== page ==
Ceylon Graphite Corp. (TSXV: CYL) announced on Tuesday the receipt of renewal of its environmental protection licence from the Central Environmental Authority of Sri Lanka for its ongoing operations at the K1 mine.
The licence is valid for three years after having past an inspection that the operation conforms to stipulated standards, the company said in a press release.
Ceylon currently holds a land package constituting 121 km² grids containing historic vein graphite deposits in Sri Lanka. These exploration grids (each 1 km² in area) cover areas of historic graphite production from the early 20th century and represent a majority of the known graphite occurrences in Sri Lanka.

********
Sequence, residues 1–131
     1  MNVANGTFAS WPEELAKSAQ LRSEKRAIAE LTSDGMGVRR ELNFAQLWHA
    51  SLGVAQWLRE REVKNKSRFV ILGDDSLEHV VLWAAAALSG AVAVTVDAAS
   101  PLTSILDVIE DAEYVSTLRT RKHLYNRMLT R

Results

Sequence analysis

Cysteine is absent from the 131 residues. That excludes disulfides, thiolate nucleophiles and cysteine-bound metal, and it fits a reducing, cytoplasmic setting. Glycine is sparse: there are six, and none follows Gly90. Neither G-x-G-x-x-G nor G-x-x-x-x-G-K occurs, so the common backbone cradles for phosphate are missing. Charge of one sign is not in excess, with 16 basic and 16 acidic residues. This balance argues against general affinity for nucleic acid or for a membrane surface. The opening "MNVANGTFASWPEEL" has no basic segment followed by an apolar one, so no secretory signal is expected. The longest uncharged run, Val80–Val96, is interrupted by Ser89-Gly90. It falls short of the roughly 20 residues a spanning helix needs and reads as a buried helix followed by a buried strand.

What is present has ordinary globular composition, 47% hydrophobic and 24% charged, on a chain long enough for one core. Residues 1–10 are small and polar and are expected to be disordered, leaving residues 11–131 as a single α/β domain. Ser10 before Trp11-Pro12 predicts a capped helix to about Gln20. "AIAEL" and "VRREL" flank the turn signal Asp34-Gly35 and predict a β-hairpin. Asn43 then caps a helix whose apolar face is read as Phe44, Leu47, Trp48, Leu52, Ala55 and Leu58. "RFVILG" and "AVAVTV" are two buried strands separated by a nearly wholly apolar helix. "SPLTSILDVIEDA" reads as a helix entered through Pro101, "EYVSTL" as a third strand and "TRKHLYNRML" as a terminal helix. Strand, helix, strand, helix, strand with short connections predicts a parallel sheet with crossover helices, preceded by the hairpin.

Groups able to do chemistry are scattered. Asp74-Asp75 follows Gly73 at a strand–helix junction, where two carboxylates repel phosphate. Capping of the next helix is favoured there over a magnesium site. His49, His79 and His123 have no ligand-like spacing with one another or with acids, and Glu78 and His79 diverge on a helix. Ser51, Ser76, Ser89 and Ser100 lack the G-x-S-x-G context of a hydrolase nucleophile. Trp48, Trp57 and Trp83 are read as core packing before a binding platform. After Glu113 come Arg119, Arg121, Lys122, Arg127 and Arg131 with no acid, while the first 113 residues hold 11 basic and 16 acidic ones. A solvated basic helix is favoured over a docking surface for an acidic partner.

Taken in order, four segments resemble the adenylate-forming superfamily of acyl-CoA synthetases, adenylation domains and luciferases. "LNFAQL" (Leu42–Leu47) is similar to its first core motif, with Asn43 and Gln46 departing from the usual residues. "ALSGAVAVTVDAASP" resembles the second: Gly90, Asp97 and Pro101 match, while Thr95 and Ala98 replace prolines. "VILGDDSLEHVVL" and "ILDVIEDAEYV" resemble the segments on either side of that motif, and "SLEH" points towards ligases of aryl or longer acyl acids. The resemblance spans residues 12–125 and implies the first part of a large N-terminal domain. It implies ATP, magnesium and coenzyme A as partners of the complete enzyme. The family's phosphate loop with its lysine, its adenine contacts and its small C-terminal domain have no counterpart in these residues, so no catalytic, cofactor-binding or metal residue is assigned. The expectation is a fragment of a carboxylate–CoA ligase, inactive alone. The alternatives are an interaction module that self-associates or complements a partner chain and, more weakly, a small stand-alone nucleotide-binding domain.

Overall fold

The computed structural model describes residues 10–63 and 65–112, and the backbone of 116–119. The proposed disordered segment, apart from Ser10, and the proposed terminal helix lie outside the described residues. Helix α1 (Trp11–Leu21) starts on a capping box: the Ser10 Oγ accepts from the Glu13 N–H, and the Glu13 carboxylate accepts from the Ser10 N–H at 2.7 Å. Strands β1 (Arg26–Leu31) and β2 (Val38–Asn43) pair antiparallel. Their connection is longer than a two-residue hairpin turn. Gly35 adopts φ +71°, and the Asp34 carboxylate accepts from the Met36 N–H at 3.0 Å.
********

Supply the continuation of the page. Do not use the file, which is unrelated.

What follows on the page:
According to Ceylon, the “vein” graphite found in Sri Lanka has the highest in situ purity in the world, but make up just less than 1% of the world’s graphite production.
K1 is Ceylon’s first mining project in the country. The mine site has been granted the highest category license in Sri Lanka, giving the company exclusive rights to mine, process and trade in graphite mined within the area specified in the licence.
“We are very pleased with our technical staff on site, having maintained compliance with the applicable environmental standards, and we look forward to applying these standards to our production growth vein graphite prospects in Sri Lanka,” Ceylon’s CEO Don Baxter said in the release.
He added that Ceylon is looking to “tick all the ESG boxes” for OEMs and investors alike as it continues to evolve into a stand-alone battery technology company.
Shares of Ceylon Graphite rose 5.1% following renewal of the K1 licence. The graphite explorer and developer has a market capitalization of C$26.2 million.